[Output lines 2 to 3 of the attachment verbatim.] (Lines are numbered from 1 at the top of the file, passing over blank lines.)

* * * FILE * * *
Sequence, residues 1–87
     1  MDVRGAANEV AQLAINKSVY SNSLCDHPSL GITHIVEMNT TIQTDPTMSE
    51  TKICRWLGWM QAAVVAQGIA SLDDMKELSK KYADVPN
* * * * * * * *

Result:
     1  MDVRGAANEV AQLAINKSVY SNSLCDHPSL GITHIVEMNT TIQTDPTMSE
    51  TKICRWLGWM QAAVVAQGIA SLDDMKELSK KYADVPN